• Though less prestigious, hogs were more profitable. “Hogs don’t always carry the prestige of cattle, but you can’t live on prestige,” one farmer explained. The hog earned the nickname “mortgage lifter” because it freed so many Corn Belt farms from debt. If farmers wanted to turn corn into meat and meat into money, pigs did the job two or three times more efficiently than cows.
  • In the early 1800’s before trains became prominent, pigs were fattened in regions of the corn belt and then herded back east to be slaughtered and sold in markets like Philadelphia and Baltimore. Pigs could only travel about 10 miles per day so houses were set up specifically where pig herders could stop for the night and sleep and feed their pigs so they didn’t lose much weight on the journey.
  • Pork had been a favored food for millennia in part because it cured well. For the same reason, it became the key meat of global trade in the years before artificial refrigeration: unlike fresh beef, salted pork could be stored at room temperature for months as it was transported thousands of miles. By producing so much meat, Corn Belt packers transformed diets in America and around the world.
  • The conversion of pigs to pork began each fall. Hogs, fattened on the latest corn crop, traveled by foot, barge, or railcar to a packinghouse, almost always located on a river. The packers bought and slaughtered the hogs, cured the meat in salt, then in the spring, when the rivers thawed, floated the pork downriver to market.
  • In the 1820s the pigs and the money started to concentrate in Cincinnati, which became known as “Porkopolis.”
  • The telegraph lines that ran alongside railroad tracks gave farmers the most valuable of business commodities: information. Now farmers could drive or ship their pigs to the packinghouse offering the highest price per pound.
  • In Chicago, slaughterhouses used assembly lines where workers only had to do one specific job to prepare a pig for butchering. These assembly lines proved to be extremely efficient and Henry Ford would later say that his inspiration for the assembly lines at his factories came from observing assembly lines at slaughterhouses.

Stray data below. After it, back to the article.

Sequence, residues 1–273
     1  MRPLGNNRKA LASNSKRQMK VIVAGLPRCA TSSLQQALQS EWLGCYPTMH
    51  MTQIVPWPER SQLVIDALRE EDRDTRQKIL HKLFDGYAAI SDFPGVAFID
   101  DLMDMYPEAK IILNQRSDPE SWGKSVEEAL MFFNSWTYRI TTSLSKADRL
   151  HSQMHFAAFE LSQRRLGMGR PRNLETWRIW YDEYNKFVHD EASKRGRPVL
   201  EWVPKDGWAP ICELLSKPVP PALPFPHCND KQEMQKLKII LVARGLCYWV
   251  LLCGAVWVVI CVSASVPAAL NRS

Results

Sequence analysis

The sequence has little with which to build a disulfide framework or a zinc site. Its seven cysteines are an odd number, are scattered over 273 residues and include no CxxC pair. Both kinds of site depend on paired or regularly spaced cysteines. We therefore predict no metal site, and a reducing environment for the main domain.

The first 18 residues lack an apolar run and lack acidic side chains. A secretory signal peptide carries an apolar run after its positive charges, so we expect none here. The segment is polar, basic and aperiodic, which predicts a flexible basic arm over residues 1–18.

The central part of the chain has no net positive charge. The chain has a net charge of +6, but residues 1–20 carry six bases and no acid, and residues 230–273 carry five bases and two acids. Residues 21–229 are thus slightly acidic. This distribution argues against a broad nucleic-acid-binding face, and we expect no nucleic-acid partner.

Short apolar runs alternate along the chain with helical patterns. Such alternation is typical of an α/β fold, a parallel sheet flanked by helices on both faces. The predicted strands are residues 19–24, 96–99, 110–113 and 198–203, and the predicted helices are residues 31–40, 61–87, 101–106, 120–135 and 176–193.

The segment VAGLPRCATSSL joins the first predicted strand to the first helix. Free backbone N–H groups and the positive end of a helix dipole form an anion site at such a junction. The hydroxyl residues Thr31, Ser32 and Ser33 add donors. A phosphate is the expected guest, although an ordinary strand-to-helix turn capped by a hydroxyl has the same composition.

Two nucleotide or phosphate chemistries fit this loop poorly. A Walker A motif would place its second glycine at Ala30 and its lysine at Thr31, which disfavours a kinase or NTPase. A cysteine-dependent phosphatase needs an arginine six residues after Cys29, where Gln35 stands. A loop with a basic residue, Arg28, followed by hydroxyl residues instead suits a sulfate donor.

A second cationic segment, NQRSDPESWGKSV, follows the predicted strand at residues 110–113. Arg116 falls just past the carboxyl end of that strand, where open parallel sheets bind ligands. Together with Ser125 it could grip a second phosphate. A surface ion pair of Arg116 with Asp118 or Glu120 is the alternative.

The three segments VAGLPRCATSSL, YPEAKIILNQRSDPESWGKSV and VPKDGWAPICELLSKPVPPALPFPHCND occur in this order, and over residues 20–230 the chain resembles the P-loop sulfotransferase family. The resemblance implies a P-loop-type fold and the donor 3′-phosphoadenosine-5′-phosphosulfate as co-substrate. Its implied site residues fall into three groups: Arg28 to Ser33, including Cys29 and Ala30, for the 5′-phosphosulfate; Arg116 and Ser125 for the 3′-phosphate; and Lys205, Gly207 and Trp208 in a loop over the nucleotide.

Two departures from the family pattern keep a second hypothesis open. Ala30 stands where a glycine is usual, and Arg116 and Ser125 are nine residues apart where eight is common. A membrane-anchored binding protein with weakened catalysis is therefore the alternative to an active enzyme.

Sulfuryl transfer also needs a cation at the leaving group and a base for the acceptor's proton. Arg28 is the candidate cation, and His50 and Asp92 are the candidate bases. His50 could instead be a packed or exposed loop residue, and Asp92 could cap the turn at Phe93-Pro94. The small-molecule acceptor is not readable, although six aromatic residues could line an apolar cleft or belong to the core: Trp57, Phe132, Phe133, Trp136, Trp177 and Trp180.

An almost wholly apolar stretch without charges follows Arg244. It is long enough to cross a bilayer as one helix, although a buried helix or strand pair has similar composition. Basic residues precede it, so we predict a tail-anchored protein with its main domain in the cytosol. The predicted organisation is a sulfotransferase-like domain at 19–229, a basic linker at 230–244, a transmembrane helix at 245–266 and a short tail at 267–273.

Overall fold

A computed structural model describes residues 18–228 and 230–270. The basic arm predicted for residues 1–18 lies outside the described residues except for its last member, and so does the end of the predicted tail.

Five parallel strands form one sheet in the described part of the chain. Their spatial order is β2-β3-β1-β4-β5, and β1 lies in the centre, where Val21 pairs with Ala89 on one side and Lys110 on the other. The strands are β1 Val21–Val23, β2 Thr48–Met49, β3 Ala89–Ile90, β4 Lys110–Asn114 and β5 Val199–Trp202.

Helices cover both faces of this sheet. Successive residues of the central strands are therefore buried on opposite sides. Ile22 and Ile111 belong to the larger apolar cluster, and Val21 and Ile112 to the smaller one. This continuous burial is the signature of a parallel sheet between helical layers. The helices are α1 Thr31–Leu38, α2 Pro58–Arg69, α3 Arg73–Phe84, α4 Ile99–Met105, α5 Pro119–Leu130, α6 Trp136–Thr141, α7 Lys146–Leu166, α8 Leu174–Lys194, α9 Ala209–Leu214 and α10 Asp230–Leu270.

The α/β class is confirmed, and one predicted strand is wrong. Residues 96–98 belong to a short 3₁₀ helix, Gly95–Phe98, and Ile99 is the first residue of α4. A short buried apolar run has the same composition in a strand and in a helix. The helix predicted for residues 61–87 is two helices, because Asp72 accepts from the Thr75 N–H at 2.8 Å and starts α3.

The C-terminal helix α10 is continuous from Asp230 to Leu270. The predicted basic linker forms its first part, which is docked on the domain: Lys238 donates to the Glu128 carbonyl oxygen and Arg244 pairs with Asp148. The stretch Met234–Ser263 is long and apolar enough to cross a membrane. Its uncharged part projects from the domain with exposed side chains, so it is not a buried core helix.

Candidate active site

• Interesting: Cincinnati burst onto the scene as an economic pork powerhouse before Chicago, but because most railroad lines terminated at Chicago, the Windy City became a much larger economic hub.
  • Along with meat, pigs produced a variety of byproducts that made them even more profitable to raise, including glue, oil, brushes, etc.
  • The Jungle, a book written in 1906 by Upton Sinclair, exposed the foul working conditions in slaughterhouses in Chicago and made the general public cautious about eating pork.
  • The American City, a policy journal, surveyed garbage-collection methods in 1920 and found that nearly a third of cities with populations over 100,000 used swine feeding as their primary garbage-disposal method;
  • By the 1980s the most advanced farms practiced “life-cycle housing,” which meant pigs never felt mud beneath their hooves. In a celebratory cover story in Scientific American, a university expert explained that the modern pig “lives indoors for its entire brief life: born and suckled in a farrowing unit and raised to slaughter weight in a nursery and later in a growing-feeding unit. It is fed a computer-formulated diet based on cornmeal and soybean meal with supplements of protein, minerals and vitamins… It is sent to market at five or six months of age, having reached the slaughter weight of 220 pounds or more from its birth weight of two pounds.”
  • Sows in modern hog facilities spend nearly all of their lives in two-by-seven-foot crates. The system keeps them from fighting each other and maximizes space in barns, but it also prevents them from walking or even turning around. The sows’ suffering has prompted campaigns to ban the use of crates.
  • Concern for the humane treatment of livestock has prompted the creation of organizations such as Animal Welfare Approved, which certify that private farms are raising animals according to certain standards.
  • Pigs are the most intelligent, the most human-like, of the farm animals, but they are kept tightly caged and never see daylight from birth to slaughter.